Jump to ContentJump to Main Navigation
Holy War, Holy PeaceHow Religion Can Bring Peace to the Middle East$
Users without a subscription are not able to see the full content.

Marc Gopin

Print publication date: 2002

Print ISBN-13: 9780195146509

Published to Oxford Scholarship Online: November 2003

DOI: 10.1093/0195146506.001.0001

Show Summary Details
Page of

PRINTED FROM OXFORD SCHOLARSHIP ONLINE (www.oxfordscholarship.com). (c) Copyright Oxford University Press, 2018. All Rights Reserved. Under the terms of the licence agreement, an individual user may print out a PDF of a single chapter of a monograph in OSO for personal use (for details see www.oxfordscholarship.com/page/privacy-policy).date: 09 December 2018

Patterns of Abrahamic Incrimination

Patterns of Abrahamic Incrimination

Chapter:
(p.58) 4 Patterns of Abrahamic Incrimination
Source:
Holy War, Holy Peace
Author(s):

Marc Gopin

Publisher:
Oxford University Press
DOI:10.1093/0195146506.003.0004

Begins with a discussion of the processes of “othering” (the need to distinguish and exclude) and incrimination that are adopted both by religions and as a basic human psychological trait. “Othering” and incrimination comprise a constant source of conflict generation in human intercourse and have been particularly damaging in the history of the Abrahamic religions (Islam, Judaism, and Christianity). The various options of religious traditions within the evolutionary process of confrontation with the “other” are then listed and further discussed. These are continued incrimination; increased incrimination; denial of incrimination and apologetics as a moderation of othering; hard rejection of past interpretations and an end to othering; soft rejection of the past, and historical contextualization; and pious transformation of old cognitive constructs as an end to othering – remythification. The latter is discussed in the context of the Jerusalem Religious Peace Agreement (the Islamic/Jewish treaty).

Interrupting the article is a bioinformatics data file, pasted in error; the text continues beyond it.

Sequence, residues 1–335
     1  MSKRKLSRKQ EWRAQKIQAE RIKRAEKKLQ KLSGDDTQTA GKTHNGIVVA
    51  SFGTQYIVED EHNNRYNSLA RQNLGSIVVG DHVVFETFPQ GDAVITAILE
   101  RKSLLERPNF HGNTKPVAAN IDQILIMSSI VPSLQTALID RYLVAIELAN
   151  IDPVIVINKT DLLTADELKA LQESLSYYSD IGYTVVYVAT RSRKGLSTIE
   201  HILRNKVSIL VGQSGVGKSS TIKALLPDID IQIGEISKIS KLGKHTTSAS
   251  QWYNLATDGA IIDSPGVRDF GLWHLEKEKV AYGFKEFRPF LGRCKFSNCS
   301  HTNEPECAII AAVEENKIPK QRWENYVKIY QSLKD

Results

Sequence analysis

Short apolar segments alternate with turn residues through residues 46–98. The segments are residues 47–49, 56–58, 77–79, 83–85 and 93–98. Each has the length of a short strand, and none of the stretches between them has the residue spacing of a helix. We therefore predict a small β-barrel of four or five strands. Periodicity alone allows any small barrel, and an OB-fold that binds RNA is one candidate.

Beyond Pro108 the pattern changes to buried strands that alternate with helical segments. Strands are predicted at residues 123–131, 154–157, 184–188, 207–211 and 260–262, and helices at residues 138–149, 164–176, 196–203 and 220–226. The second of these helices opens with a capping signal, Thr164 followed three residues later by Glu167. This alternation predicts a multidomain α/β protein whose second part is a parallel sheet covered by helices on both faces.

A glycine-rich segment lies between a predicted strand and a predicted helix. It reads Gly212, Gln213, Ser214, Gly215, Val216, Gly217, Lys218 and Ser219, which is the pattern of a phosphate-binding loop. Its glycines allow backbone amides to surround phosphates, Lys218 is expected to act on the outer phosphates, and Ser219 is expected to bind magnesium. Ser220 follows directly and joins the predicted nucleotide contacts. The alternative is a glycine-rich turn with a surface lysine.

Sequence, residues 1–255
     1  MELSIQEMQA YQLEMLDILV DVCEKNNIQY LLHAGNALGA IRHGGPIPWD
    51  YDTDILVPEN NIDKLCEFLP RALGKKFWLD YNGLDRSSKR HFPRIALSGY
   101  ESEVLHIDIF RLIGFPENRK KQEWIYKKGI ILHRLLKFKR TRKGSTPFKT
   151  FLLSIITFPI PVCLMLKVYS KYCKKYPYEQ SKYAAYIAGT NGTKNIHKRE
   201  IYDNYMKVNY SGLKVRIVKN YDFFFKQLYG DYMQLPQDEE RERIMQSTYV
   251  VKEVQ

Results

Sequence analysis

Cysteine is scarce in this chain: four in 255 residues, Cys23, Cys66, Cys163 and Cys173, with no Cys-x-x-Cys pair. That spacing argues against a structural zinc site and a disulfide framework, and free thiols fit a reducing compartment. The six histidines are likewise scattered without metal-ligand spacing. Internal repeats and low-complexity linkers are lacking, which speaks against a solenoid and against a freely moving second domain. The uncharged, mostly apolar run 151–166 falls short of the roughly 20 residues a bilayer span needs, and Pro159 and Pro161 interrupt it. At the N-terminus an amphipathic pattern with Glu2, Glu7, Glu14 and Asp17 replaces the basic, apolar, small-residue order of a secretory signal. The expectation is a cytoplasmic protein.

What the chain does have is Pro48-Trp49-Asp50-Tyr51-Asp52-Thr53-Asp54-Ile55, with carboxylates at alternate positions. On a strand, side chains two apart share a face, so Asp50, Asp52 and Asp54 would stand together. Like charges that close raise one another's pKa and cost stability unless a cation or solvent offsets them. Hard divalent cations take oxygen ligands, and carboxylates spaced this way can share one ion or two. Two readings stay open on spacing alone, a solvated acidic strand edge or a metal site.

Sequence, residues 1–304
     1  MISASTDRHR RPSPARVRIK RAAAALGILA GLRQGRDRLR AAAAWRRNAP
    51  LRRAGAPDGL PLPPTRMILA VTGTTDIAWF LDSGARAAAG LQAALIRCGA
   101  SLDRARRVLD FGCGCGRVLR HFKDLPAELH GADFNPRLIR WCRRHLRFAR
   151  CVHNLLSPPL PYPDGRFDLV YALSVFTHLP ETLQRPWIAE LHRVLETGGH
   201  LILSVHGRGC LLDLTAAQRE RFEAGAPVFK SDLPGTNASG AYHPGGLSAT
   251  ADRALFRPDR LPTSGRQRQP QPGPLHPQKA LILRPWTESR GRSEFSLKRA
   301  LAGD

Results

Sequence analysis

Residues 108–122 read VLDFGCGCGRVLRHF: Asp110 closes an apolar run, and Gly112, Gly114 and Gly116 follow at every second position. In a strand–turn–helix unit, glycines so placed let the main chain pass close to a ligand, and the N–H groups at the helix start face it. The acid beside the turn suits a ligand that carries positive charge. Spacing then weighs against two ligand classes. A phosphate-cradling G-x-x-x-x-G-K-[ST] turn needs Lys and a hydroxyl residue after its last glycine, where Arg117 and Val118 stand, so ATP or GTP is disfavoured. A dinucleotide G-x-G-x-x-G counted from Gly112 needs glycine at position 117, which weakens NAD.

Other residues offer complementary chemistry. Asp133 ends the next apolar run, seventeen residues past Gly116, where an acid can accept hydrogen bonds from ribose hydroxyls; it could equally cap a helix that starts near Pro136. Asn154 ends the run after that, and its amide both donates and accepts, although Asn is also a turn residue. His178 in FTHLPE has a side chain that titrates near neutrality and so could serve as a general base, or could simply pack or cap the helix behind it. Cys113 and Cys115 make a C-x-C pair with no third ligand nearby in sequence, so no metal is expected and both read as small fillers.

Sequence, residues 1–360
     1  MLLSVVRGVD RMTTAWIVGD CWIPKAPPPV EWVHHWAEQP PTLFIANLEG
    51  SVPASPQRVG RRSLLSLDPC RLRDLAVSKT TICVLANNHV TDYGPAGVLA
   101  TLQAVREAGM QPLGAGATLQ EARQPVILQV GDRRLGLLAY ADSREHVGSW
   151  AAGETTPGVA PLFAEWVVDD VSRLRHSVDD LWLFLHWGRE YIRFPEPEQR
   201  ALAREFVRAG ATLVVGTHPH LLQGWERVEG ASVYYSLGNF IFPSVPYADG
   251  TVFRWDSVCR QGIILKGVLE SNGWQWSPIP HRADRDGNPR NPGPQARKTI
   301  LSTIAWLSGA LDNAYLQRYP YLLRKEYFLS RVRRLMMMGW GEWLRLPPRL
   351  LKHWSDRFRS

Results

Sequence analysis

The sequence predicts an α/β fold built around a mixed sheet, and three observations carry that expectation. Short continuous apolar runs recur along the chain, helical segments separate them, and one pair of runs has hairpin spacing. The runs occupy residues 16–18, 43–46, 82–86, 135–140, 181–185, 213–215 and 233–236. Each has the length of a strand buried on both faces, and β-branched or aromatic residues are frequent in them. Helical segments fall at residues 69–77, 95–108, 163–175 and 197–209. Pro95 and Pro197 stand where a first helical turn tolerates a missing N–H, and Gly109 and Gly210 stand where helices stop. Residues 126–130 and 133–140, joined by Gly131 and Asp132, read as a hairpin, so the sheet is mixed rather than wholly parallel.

Keywords:   Abrahamic religions, Christianity, conflict, exclusion, incrimination, Islam, Judaism, mythification, othering, remythification

Oxford Scholarship Online requires a subscription or purchase to access the full text of books within the service. Public users can however freely search the site and view the abstracts and keywords for each book and chapter.

Please, subscribe or login to access full text content.

If you think you should have access to this title, please contact your librarian.

To troubleshoot, please check our FAQs , and if you can't find the answer there, please contact us .